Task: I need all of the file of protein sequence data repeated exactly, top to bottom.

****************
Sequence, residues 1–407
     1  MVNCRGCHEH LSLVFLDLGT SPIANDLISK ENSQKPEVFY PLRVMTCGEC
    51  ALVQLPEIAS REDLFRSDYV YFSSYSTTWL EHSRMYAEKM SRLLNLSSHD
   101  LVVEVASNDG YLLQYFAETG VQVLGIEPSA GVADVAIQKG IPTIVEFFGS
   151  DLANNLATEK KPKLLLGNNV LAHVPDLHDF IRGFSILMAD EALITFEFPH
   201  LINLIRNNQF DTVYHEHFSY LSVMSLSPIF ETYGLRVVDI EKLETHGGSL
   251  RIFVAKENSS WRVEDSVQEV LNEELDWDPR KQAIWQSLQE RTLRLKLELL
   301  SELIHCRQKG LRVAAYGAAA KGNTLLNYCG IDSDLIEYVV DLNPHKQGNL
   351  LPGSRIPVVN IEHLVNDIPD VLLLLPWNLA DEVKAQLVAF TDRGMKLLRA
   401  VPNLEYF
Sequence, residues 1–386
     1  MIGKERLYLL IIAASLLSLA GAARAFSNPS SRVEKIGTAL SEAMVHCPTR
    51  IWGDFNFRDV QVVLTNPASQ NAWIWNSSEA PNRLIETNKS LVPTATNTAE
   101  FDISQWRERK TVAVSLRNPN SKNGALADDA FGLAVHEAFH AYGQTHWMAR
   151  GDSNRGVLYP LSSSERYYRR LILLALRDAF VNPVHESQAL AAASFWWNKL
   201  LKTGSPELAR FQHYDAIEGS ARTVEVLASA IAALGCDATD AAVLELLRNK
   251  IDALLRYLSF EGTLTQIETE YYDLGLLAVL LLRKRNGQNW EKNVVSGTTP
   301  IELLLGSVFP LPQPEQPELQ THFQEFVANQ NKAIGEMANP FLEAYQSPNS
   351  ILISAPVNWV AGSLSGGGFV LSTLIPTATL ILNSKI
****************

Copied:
Sequence, residues 1–407
     1  MVNCRGCHEH LSLVFLDLGT SPIANDLISK ENSQKPEVFY PLRVMTCGEC
    51  ALVQLPEIAS REDLFRSDYV YFSSYSTTWL EHSRMYAEKM SRLLNLSSHD
   101  LVVEVASNDG YLLQYFAETG VQVLGIEPSA GVADVAIQKG IPTIVEFFGS
   151  DLANNLATEK KPKLLLGNNV LAHVPDLHDF IRGFSILMAD EALITFEFPH
   201  LINLIRNNQF DTVYHEHFSY LSVMSLSPIF ETYGLRVVDI EKLETHGGSL
   251  RIFVAKENSS WRVEDSVQEV LNEELDWDPR KQAIWQSLQE RTLRLKLELL
   301  SELIHCRQKG LRVAAYGAAA KGNTLLNYCG IDSDLIEYVV DLNPHKQGNL
   351  LPGSRIPVVN IEHLVNDIPD VLLLLPWNLA DEVKAQLVAF TDRGMKLLRA
   401  VPNLEYF
Sequence, residues 1–386
     1  MIGKERLYLL IIAASLLSLA GAARAFSNPS SRVEKIGTAL SEAMVHCPTR
    51  IWGDFNFRDV QVVLTNPASQ NAWIWNSSEA PNRLIETNKS LVPTATNTAE
   101  FDISQWRERK TVAVSLRNPN SKNGALADDA FGLAVHEAFH AYGQTHWMAR
   151  GDSNRGVLYP LSSSERYYRR LILLALRDAF VNPVHESQAL AAASFWWNKL
   201  LKTGSPELAR FQHYDAIEGS ARTVEVLASA IAALGCDATD AAVLELLRNK
   251  IDALLRYLSF EGTLTQIETE YYDLGLLAVL LLRKRNGQNW EKNVVSGTTP
   301  IELLLGSVFP LPQPEQPELQ THFQEFVANQ NKAIGEMANP FLEAYQSPNS
   351  ILISAPVNWV AGSLSGGGFV LSTLIPTATL ILNSKI